What Nurses Need to Know
Today we continue our 2019 INSIGHT series showcasing maternal mortality. Earlier this year, we at the Mary K Center for Global Nursing Development published data showing the global problem of unacceptably high rates of maternal mortality.
Now we are focusing on the issues that persist in the United States. It is a disturbing picture, but one that should be examined more closely because the problems in this country are similar to those in others. We can all learn from each other.
Before we give the U.S. overview of maternal mortality, let’s define the term itself. We are using the definition that a maternal death occurs any time between conception and one year after the end of the pregnancy. (This is the definition used in a groundbreaking CDC 2018 Report entitled, Report from Nine Maternal Mortality Review Committees (Hereafter known as Nine Committees). The report was published to accomplish two significant goals: (1) To present the full picture of US maternal deaths, and (2) for the first time, to recommend ways to prevent these deaths. )
With that as a foundation, let’s move on so we can see what is happening in the U.S.
According to the Centers for Disease Control and Prevention (CDC), at least two women living in the U.S. die from complications that occur from giving birth every day. This translates into over 700 maternal deaths every year. This sobering fact gives the U.S. the unfortunate position of being ranked the worst in maternal deaths in the developed world, and ranking 47th globally.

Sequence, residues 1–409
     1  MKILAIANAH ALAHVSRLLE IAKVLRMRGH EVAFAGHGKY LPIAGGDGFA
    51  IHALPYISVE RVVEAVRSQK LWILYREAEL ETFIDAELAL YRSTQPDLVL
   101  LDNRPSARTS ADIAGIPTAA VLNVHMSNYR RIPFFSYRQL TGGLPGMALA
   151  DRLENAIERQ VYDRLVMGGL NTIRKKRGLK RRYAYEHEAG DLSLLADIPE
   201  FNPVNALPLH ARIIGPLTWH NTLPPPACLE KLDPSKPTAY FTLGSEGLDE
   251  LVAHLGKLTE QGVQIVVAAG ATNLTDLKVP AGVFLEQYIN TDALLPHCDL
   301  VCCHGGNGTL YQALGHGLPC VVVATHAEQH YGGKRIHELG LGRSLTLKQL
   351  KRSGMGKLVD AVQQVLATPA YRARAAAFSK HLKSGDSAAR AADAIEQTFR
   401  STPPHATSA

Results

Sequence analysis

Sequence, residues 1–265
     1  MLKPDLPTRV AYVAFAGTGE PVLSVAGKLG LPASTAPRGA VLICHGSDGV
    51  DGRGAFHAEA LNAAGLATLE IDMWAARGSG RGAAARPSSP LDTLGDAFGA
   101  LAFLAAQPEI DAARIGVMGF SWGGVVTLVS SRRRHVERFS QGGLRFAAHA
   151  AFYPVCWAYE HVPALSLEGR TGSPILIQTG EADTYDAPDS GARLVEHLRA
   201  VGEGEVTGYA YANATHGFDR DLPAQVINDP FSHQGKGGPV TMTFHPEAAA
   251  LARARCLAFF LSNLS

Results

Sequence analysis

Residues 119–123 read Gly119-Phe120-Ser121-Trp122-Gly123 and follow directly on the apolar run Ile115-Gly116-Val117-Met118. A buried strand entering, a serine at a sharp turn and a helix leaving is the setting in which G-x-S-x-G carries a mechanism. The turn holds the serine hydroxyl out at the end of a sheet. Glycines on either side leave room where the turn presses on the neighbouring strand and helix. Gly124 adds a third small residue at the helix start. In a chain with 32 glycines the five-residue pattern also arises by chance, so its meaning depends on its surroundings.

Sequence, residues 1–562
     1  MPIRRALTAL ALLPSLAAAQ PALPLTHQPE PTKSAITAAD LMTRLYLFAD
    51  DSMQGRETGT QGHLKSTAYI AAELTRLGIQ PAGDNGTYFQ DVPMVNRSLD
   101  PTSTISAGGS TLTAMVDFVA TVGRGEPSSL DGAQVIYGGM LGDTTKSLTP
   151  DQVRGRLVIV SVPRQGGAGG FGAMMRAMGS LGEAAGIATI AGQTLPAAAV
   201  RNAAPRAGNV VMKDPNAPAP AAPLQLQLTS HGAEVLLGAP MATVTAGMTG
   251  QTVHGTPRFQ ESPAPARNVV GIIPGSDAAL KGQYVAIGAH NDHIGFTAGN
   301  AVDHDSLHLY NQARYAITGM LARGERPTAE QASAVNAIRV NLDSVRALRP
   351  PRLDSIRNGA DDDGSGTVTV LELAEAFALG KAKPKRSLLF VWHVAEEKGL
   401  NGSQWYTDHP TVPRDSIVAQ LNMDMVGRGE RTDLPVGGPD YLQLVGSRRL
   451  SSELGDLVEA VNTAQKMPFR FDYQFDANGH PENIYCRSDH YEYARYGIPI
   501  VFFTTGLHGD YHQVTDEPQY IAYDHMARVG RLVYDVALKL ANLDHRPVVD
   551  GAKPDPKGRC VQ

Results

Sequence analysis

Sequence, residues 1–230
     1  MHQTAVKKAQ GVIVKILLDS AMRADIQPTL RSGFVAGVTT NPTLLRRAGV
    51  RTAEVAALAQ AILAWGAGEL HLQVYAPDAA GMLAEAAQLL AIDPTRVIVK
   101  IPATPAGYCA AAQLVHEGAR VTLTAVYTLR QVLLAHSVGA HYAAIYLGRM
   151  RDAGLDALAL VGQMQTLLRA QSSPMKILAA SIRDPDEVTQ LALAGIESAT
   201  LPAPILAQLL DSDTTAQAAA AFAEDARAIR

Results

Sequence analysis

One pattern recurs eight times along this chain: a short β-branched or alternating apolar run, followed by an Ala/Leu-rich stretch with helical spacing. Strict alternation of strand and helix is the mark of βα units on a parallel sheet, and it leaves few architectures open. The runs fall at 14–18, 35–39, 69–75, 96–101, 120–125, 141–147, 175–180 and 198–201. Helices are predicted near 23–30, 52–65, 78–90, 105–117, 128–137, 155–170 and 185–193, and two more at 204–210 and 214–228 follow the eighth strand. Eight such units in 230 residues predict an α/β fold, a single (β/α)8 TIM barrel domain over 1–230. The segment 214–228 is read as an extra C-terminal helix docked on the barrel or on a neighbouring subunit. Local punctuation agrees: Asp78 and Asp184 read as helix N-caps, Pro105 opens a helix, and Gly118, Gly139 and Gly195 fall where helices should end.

This is not an isolated outlier, but rather has been part of a trend. Over the past three decades, the maternal mortality rate in the US has been increasing, not decreasing, as in other developed countries.
This far-reaching survey identified the alarming fact that approximately 60% of these deaths are preventable. It also reported that non-Hispanic black women suffer childbirth-related deaths at a rate three to four times higher than that of non-Hispanic white women. Overall pregnancy-related deaths varied by race also – whether the death occurred during delivery or at any other time.
These facts alone show a clear need to delve into the details, because there is opportunity to make progress. But that progress has to be made quickly.
The causes of all pregnancy-related deaths cluster around some major categories, similar to the global trends. The Nine Committees concluded that maternal deaths were caused by post-partum hemorrhage, cardiovascular and coronary conditions, cardiomyopathy, or infection. Other leading causes include embolism preeclampsia and eclampsia , and mental health conditions.
Source: CDC 2018 Nine Committees Report
It is worth noting the timing of the mothers’ deaths reported by the Nine Committees:
- 38% died while pregnant
- 45% died within 42 days of delivery
- 17% died from 42 days to 1 year
Within these time-frame categories, leading causes of death varied:
- Hemorrhage and cardiovascular and coronary conditions were leading causes of death during pregnancy, followed by embolism.
- Infection was the leading cause of death for deaths within 42 days of the end of the pregnancy. Hemorrhage, cardiovascular and coronary conditions, and preeclampsia and eclampsia were also significant.
- Cardiomyopathy, mental health conditions and embolism were the three leadings causes of pregnancy-related deaths that occurred 43 days to one year after the end of the pregnancy.